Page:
Tips for Tackling High Inflation

Oracle NetSuite White Paper Offers 8 Strategies for Dealing with Rising Costs

By Nick Fortuna

It’s clearly too early to celebrate, but there have been signs that inflation is easing gradually, giving rise to cautious optimism in the business community. That includes distributors and manufacturers of material-handling equipment, which have seen their biggest costs, including labor and raw materials, rise sharply in recent years.

In July, the inflation rate dipped to 8.5% from 9.1%, and the consumer price index was flat after rising for 25 consecutive Tips for Tackling High Inflation Oracle NetSuite White Paper Offers 8 Strategies for Dealing with Rising Costs months, according to the Labor Department. Also in July, U.S. freight rates decreased 2% month over month as fuel prices continued their steady decline, signaling that the U.S. market may have reached peak freight rates, according to a report from Cass Information Systems.

Still, it likely will take some time for inflation to decrease to the Federal Reserve’s target rate of 2%, and for many in the material-handling industry, relief can’t come soon enough.

“Inflation has impacted every facet of the automation and materials-handling world,” said Ed Romaine, Vice President of Marketing and Business Development for Conveyco, which specializes in order- fulfillment and warehouse-automation systems.

Prices for commodities appear to have stabilized recently, but as they climbed ever higher, manufacturers of material handling equipment were providing quotes that were good for only seven days, Romaine said. Companies were justifiably to keep your prices competitive. The element of risk is simply much higher with an upward-trending inflation rate.”

With high inflation lingering, the business software company Oracle NetSuite published a white paper outlining eight “expert-backed strategies for proactive” chief financial officers. In the paper, researchers say they expect cost increases stemming from supply-chain disruptions to persist through year’s end, while higher labor costs are likely to stick around permanently.

Here’s a summary of their eight recommendations:

1) Create agile financial plans. When performing financial planning and analysis, executives should consider any number of variables and their company’s possible responses to changing market dynamics. That includes sudden changes to economic conditions, monetary policy and the supply chain.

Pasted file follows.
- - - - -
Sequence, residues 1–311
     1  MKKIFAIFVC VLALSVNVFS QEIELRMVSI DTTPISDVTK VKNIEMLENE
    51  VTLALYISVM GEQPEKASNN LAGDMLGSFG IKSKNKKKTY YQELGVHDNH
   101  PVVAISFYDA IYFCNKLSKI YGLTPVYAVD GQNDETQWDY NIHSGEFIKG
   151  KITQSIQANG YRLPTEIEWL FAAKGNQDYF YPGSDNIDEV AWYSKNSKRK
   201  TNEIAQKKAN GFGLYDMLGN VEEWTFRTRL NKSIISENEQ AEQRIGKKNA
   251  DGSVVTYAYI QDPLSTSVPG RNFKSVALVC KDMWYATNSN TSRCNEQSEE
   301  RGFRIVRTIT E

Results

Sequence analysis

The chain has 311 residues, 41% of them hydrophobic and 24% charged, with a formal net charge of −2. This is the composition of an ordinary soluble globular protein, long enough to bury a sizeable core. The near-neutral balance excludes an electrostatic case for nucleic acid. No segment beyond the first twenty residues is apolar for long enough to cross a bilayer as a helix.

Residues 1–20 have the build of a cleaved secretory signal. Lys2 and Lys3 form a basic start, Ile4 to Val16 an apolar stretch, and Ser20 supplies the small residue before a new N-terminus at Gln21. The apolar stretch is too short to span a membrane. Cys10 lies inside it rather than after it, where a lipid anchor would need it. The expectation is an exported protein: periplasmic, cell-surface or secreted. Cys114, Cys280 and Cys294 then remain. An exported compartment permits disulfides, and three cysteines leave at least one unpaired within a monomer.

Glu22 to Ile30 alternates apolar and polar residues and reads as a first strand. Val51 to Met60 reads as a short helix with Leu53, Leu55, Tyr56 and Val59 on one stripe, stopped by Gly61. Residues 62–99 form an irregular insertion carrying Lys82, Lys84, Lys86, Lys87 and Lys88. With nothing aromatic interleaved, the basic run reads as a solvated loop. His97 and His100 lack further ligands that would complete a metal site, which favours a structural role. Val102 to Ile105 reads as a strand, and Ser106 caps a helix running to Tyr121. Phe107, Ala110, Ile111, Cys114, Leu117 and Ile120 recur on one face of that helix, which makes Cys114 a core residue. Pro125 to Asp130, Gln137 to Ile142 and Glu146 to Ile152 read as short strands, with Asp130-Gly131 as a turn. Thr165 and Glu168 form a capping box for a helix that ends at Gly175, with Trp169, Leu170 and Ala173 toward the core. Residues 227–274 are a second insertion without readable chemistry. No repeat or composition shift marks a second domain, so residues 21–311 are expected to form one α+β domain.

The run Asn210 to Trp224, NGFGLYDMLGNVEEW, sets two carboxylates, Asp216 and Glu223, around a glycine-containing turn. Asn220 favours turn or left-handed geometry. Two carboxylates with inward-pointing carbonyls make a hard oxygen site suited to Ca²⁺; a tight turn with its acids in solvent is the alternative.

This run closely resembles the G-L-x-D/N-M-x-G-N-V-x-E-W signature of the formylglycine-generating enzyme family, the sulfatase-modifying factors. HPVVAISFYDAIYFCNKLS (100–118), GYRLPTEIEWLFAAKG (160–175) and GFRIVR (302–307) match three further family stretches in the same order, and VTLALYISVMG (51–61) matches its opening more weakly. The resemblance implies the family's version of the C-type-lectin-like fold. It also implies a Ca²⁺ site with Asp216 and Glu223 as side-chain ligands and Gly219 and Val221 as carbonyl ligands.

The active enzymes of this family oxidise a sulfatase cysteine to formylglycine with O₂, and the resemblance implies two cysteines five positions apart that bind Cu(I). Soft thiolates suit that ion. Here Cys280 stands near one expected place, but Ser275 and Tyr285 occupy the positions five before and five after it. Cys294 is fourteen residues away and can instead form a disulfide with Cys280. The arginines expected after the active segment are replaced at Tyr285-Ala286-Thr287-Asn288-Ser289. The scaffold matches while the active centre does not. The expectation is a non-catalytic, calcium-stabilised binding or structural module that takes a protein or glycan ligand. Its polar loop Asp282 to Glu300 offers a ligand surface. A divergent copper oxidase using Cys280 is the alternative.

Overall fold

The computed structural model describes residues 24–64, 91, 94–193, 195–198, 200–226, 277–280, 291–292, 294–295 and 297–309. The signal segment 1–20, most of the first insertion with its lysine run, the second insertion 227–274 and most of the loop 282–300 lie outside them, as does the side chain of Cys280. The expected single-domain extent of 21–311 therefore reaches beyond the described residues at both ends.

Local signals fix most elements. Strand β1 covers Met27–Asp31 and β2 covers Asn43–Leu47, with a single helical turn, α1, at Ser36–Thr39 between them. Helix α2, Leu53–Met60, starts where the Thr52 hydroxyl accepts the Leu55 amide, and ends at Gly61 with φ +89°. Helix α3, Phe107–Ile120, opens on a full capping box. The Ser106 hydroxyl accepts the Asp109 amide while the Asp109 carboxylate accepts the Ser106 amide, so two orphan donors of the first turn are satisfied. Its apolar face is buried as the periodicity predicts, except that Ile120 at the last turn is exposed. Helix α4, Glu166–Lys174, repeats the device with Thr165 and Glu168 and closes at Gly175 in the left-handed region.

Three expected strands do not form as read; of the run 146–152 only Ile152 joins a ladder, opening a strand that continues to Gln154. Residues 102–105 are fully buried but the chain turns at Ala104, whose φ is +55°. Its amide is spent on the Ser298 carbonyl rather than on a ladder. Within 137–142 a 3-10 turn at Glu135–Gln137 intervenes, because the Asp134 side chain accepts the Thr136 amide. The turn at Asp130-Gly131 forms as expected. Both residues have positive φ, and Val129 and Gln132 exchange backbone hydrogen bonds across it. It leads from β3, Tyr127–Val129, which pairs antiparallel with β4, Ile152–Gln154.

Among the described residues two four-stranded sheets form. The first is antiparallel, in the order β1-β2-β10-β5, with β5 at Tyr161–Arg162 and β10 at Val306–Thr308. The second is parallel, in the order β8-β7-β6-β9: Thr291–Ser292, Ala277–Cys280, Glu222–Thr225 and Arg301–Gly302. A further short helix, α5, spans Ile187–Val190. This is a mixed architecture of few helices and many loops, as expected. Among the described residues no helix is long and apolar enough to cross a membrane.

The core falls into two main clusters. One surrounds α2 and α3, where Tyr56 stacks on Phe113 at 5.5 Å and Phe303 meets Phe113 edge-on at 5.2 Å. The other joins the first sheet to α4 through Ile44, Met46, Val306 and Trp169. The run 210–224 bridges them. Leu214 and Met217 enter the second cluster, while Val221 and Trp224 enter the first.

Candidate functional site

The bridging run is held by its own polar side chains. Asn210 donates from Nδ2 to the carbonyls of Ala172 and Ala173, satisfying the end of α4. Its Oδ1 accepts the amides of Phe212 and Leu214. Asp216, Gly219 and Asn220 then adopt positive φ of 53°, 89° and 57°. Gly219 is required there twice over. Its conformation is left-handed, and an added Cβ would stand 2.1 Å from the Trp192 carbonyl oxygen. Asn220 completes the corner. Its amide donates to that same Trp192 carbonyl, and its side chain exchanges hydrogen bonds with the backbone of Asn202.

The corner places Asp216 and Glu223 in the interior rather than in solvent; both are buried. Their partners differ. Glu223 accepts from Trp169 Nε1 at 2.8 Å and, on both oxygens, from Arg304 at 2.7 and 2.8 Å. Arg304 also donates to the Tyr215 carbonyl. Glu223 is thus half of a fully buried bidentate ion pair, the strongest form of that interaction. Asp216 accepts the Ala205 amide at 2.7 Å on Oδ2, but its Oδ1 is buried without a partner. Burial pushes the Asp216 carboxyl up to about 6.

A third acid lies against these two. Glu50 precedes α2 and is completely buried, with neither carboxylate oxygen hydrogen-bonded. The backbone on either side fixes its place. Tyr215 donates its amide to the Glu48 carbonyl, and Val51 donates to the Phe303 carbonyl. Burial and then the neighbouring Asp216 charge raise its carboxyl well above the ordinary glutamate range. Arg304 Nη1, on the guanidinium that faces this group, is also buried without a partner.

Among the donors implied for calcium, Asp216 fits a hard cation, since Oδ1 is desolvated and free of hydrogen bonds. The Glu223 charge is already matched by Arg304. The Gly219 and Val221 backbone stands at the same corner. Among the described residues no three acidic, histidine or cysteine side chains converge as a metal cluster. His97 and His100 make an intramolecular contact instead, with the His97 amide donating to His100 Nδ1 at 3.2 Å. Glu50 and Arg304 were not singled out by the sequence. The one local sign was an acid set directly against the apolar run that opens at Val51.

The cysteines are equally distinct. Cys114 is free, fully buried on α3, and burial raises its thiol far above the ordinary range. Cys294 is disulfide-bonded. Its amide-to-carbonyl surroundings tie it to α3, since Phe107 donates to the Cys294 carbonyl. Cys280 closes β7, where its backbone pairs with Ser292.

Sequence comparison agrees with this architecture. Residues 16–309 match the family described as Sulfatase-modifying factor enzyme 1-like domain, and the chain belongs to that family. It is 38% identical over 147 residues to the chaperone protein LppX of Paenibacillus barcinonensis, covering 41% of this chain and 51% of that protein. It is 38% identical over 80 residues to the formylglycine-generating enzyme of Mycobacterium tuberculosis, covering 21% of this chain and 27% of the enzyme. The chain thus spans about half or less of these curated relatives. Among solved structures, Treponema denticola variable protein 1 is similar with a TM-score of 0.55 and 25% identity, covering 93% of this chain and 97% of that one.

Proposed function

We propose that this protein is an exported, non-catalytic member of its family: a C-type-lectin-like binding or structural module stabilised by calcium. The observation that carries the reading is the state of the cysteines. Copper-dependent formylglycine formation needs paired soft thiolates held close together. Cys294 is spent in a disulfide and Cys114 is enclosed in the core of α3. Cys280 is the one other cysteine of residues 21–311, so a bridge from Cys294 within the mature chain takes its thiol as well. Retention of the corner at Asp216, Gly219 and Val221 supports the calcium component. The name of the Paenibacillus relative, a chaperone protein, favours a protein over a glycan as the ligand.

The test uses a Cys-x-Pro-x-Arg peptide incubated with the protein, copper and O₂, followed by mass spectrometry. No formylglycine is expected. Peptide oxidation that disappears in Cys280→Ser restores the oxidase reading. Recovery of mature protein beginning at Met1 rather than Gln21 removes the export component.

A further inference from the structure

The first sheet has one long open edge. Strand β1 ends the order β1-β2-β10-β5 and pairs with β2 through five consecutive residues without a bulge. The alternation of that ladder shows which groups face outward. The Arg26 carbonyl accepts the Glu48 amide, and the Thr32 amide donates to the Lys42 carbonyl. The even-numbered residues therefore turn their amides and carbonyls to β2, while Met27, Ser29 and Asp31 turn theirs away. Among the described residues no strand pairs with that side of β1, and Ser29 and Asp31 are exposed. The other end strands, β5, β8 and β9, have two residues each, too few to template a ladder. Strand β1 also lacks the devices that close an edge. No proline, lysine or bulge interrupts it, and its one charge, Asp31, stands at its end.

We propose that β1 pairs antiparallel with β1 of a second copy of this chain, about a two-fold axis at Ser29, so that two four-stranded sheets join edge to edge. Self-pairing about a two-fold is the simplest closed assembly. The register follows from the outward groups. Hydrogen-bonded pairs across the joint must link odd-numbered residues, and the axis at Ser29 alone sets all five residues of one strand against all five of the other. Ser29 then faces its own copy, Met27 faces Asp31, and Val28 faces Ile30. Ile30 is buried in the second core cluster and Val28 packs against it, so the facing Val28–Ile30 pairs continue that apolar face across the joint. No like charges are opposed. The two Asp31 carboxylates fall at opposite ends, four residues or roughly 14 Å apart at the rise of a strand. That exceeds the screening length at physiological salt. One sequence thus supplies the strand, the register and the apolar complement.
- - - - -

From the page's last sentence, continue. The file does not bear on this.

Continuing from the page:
Chelsie Kugler, Vice President of Business Development at CFOshare, said a good business plan allows a company to react quickly to changing conditions. In the report, she said executives should use their financial forecast to run “what-if” scenarios related to inflation, such as a 15% increase in wages for key positions, a doubling in prices for raw materials and supply-chain disruptions causing revenue delays and inventory buildups of at least 25%.

For each scenario, executives should ask themselves how cash flow would be affected, what actions could be taken to blunt the effects, what preventive measures could be taken now, and what leading indicators could be used to predict these scenarios. Businesses that plan for a range of potential situations “can proactively drive toward desired outcomes,” according to the report.

2) Diversify supply chains, even if doing so costs more. Streamlined, cost effective supply chains are more vulnerable to economic shocks, according to Dr. Tuan Nguyen, the U.S. economist for RSM US LLP, an audit, tax and consulting firm.

In the report, he said executives should consider having multiple vendors for key materials and services, including domestic sources that will be available in the event of global disruptions. Additionally, companies should consider stockpiling materials that are vital to their business, reversing the recent trend toward just-in-time delivery and low inventories, he said. This strategy is especially important when key components or materials are hypersensitive to inflation, Nguyen said.

Switching to domestic vendors or obtaining materials from multiple sellers likely will increase costs, so companies should explore the possibility of passing those costs on to customers, he added. Another approach is to gain more control over your supply chain by partnering with vendors, often through mergers or acquisitions, and by working to strengthen relationships with key suppliers, according to the report.

3) Engage in targeted cost-cutting. Broad, across-the-board cuts could impede a company’s growth and harm its brand, according to the report. Instead, companies should consider eliminating initiatives that aren’t a core function of their business or are under performing.

By reducing those costs, businesses can continue to invest in areas that are profitable and offer the most potential for growth. Personnel, equipment, tools and processes that give a business a clear advantage over its rivals should be preserved, even during difficult times, according to the report.